See Inside August/September 2006

Lost in the Moment

Athletes find themselves “in the zone.” Professors become “lost in thought.” Meditators get absorbed “in the moment.” Can humans really lose their awareness of self when they are powerfully caught up in an experience? Neurobiologists Ilan I. Goldberg, Michal Harel and Rafael Malach of the Weizmann Institute of Science in Rehovot, Israel, assert there is neural evidence to answer in the affirmative.

The team used functional magnetic resonance imaging to compare brain-activation patterns of nine people engaged in tasks involving either intense sensory stimulation or self-reflection. Surprisingly, report the researchers in Neuron, they found a “complete segregation between the two patterns of activity.” They noticed that brain regions active during introspection were largely suppressed during perception, and vice versa. When people are busily sensing or doing something, the region involved in self-monitoring quiets down. In contrast, introspection stimulates regions involved in self-monitoring and suppresses regions active in perception.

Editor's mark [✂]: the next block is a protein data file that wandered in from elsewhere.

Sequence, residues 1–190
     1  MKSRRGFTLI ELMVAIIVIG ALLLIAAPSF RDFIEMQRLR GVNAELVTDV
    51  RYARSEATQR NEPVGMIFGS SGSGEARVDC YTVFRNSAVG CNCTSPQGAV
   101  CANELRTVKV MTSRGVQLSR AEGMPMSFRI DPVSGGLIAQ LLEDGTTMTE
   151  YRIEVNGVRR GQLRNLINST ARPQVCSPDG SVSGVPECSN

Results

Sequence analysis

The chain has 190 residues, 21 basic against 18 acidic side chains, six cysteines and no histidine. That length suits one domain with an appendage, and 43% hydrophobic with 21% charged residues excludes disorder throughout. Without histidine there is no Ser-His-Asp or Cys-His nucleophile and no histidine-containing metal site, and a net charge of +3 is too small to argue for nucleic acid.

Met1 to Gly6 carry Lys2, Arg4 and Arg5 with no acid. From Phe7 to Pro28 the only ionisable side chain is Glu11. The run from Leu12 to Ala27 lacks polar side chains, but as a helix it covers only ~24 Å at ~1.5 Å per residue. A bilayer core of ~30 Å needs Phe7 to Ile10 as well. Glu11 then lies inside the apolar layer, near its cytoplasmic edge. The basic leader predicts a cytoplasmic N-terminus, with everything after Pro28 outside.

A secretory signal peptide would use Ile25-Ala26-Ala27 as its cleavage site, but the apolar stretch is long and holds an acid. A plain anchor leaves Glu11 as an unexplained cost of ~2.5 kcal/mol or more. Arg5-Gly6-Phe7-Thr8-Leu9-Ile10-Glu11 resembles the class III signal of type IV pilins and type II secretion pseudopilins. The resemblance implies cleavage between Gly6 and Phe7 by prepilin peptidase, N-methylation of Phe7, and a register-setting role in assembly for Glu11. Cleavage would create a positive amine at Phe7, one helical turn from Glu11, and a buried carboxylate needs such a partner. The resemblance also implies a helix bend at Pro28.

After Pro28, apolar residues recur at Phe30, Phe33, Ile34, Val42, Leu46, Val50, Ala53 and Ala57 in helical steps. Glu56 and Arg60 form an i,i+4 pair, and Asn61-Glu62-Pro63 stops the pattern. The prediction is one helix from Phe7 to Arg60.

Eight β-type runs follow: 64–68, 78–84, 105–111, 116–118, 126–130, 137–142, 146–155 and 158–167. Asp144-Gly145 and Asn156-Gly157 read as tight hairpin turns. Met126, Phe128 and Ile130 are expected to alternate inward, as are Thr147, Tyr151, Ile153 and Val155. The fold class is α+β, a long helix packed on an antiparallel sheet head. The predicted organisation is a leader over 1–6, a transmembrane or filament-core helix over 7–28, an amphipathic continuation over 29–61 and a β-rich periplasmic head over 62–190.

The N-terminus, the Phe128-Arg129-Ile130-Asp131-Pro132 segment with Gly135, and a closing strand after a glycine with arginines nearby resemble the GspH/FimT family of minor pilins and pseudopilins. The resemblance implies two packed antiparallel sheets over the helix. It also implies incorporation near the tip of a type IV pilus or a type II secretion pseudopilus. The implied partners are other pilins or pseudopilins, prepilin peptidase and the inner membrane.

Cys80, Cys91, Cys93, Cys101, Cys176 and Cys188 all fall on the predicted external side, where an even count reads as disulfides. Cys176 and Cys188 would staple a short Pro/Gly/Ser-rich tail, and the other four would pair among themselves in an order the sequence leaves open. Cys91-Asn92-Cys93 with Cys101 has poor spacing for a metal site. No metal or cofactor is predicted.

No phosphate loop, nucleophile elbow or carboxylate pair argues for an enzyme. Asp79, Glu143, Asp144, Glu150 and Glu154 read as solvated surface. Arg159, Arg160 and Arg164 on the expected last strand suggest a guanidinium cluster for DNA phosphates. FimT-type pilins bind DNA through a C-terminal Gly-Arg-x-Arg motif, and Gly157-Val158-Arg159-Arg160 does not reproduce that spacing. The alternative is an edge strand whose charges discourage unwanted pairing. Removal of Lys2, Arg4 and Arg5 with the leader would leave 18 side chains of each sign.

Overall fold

This is only a preview. Get the rest of this article now!

Select an option below:

Customer Sign In

*You must have purchased this issue or have a qualifying subscription to access this content

It has been identified that the institution you are trying to access this article from has institutional site license access to Scientific American on
Click here to access this article in its entirety through site license access.

Share this Article:


You must sign in or register as a member to submit a comment.
Scientific American Holiday Sale

Scientific American Mind Digital

Get 6 bi-monthly digital issues
+ 1yr of archive access for just $9.99

Hurry this offer ends soon! >


Email this Article


Next Article